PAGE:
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I suspect the answer is no. But I don't know enough to be sure that that is the case. Of course phylogenetic tree construction uses biological knowledge, e.g special distance metrics, but does it brings anything new at the level of clustering agorithm (e.g hierarchical, neighbor-joining etc).

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    $\begingroup$ Not all methods are based on distance matrices. There are methods based on parsimony, others on maximum likelihood, and others taking MCMC approaches. Even with methods based on distance matrices, there are complications that are specific to phylogenetic (e.g. the cluster need to be rooted somehow, sometimes a network is a better descriptor of the relationship among lineages than a tree). Now, cluster algorithms is a very broad field of knowledge and I am not sure whether all cluster algorithms are based on distance matrices. $\endgroup$ – Remi.b Apr 9 at 5:30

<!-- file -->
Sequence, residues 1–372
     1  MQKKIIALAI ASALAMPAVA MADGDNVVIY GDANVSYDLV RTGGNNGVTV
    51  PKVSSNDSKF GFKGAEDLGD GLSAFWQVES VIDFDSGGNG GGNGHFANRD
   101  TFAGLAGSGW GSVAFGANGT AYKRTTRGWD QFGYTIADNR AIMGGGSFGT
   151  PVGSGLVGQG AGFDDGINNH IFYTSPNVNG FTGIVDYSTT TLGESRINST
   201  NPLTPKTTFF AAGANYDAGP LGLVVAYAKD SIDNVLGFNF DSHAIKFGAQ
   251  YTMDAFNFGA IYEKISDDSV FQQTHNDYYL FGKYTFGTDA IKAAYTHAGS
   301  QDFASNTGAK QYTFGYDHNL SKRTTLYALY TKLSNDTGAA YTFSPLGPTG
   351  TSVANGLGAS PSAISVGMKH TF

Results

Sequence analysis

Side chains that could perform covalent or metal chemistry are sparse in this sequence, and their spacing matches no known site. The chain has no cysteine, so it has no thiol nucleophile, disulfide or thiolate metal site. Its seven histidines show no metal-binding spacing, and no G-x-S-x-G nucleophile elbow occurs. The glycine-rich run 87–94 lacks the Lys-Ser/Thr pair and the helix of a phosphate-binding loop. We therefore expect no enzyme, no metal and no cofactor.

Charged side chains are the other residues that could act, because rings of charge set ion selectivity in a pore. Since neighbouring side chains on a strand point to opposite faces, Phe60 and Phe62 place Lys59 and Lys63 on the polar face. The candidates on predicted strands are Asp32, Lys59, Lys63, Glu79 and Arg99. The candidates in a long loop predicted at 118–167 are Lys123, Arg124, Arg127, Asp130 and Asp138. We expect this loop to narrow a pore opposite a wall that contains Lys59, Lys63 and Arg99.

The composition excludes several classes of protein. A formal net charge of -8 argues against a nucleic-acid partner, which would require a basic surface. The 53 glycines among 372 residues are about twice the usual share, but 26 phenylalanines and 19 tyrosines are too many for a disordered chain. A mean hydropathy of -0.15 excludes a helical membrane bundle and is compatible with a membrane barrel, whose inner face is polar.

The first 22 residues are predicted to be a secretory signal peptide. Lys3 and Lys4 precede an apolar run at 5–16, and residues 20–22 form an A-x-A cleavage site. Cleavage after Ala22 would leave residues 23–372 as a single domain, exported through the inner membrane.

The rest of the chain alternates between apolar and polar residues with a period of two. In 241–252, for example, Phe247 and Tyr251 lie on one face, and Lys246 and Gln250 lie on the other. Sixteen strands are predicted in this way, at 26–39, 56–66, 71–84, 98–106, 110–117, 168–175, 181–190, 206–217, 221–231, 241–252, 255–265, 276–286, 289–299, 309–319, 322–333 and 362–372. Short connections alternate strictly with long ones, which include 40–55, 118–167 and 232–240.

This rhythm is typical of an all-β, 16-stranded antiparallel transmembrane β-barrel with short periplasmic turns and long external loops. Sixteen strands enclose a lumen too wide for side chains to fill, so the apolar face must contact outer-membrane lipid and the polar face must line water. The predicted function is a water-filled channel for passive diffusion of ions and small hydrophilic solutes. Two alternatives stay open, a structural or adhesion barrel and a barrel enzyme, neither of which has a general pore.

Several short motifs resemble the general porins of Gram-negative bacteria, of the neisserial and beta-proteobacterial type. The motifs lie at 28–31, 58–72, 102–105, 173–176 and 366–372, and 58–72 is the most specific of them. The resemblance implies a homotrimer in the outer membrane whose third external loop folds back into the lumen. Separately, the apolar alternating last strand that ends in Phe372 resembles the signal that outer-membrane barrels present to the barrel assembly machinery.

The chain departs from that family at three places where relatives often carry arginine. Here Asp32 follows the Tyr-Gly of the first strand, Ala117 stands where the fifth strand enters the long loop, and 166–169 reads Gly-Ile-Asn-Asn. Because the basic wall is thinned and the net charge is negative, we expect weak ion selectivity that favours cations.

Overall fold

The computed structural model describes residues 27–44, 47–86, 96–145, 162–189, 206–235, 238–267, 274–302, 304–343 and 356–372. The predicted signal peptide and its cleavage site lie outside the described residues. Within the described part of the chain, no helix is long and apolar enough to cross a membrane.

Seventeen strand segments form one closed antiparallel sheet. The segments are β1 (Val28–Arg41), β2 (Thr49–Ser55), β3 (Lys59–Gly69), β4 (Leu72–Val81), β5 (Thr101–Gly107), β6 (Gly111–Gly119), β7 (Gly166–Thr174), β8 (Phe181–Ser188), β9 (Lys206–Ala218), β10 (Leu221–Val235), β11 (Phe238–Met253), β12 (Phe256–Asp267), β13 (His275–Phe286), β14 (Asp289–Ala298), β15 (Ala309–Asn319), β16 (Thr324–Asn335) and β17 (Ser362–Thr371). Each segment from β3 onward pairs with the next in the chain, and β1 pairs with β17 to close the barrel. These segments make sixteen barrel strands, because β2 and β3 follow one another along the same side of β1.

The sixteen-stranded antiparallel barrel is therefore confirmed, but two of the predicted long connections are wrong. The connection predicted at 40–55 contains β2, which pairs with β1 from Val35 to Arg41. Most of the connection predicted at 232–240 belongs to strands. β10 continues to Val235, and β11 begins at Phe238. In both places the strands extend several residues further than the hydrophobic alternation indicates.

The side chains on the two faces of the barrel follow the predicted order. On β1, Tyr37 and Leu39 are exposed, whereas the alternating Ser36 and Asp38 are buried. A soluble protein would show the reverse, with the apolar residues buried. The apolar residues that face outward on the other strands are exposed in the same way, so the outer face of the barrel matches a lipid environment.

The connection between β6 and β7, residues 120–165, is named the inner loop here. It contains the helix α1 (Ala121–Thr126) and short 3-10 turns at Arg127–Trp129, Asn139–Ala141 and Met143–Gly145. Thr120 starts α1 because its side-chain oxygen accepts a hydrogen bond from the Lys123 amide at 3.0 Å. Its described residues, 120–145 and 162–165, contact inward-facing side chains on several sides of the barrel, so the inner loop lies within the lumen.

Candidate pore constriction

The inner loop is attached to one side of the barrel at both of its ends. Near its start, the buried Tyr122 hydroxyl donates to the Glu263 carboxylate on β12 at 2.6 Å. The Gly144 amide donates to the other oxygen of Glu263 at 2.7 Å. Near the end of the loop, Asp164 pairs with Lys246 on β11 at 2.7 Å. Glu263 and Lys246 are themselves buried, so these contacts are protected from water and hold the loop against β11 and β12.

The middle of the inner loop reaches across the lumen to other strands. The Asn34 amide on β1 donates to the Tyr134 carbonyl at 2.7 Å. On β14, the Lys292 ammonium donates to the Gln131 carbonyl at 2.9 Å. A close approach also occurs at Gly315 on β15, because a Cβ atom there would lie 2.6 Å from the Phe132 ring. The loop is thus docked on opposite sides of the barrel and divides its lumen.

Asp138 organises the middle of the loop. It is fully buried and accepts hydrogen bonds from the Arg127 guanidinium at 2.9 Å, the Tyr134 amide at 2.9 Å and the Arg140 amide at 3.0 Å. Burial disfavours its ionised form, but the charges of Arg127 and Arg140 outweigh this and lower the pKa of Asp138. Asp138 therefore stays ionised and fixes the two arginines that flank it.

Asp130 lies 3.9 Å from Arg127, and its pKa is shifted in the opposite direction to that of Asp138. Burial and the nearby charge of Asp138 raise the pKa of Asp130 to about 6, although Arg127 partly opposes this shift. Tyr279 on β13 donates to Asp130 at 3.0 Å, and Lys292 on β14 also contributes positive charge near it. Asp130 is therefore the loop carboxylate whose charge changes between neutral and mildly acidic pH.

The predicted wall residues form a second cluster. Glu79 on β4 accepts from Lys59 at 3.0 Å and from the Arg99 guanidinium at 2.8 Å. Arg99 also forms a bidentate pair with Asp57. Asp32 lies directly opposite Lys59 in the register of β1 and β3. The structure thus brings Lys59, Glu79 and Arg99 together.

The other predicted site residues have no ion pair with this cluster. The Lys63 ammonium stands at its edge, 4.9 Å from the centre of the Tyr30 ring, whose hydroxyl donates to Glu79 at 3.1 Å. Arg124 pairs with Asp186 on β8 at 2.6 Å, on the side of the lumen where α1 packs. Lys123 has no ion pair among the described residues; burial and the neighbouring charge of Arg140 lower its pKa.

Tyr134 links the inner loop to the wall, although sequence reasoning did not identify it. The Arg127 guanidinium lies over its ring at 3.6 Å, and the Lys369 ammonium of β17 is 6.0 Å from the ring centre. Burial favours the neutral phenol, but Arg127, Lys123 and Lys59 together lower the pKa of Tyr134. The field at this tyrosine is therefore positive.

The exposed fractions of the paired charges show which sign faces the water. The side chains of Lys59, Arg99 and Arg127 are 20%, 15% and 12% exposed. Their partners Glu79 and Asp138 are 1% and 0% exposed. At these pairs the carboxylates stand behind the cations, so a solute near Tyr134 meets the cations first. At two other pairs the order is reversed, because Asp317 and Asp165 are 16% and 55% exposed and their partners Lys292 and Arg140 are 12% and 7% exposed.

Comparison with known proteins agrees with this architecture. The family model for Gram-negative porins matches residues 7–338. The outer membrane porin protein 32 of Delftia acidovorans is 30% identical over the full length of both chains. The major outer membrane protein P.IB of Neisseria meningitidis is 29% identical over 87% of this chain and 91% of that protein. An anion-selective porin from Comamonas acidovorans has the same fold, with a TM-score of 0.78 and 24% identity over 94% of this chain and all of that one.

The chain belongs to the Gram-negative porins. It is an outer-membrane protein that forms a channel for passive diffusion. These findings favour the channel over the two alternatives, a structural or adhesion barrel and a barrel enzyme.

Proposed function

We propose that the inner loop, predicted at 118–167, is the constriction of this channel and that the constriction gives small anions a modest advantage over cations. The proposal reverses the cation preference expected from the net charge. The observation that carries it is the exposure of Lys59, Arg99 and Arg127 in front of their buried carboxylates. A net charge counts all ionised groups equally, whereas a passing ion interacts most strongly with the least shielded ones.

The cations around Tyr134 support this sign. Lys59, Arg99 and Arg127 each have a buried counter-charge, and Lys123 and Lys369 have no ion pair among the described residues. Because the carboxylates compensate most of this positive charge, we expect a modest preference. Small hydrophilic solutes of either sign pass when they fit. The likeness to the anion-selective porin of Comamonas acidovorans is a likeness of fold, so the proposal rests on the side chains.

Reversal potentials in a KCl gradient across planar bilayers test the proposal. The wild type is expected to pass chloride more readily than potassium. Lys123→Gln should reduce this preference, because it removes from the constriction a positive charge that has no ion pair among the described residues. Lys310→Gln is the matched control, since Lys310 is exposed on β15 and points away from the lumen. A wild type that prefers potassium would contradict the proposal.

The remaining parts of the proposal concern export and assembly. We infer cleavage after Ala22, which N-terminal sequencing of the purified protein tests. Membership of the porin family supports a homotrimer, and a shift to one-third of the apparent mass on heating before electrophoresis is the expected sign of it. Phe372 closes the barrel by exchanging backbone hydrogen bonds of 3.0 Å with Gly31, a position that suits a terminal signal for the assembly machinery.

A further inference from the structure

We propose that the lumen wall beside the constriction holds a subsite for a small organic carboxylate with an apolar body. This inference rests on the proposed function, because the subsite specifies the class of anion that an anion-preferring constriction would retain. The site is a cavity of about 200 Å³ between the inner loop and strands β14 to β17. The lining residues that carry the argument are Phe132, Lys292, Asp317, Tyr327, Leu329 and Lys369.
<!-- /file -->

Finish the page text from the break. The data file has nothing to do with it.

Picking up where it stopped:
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One difference is that phylogenetic tree construction algorithms will typically try to jointly estimate the tree and the transition parameters. A general clustering algorithm might assume that a difference in one feature would make the same contribution to 'distance' between clusters as a difference in another feature. In phylogenetic tree construction, it is explicit that not all differences between taxa represent the same evolutionary distance between taxa, and the parameters governing the distribution of distance/difference may be jointly estimated with the tree.

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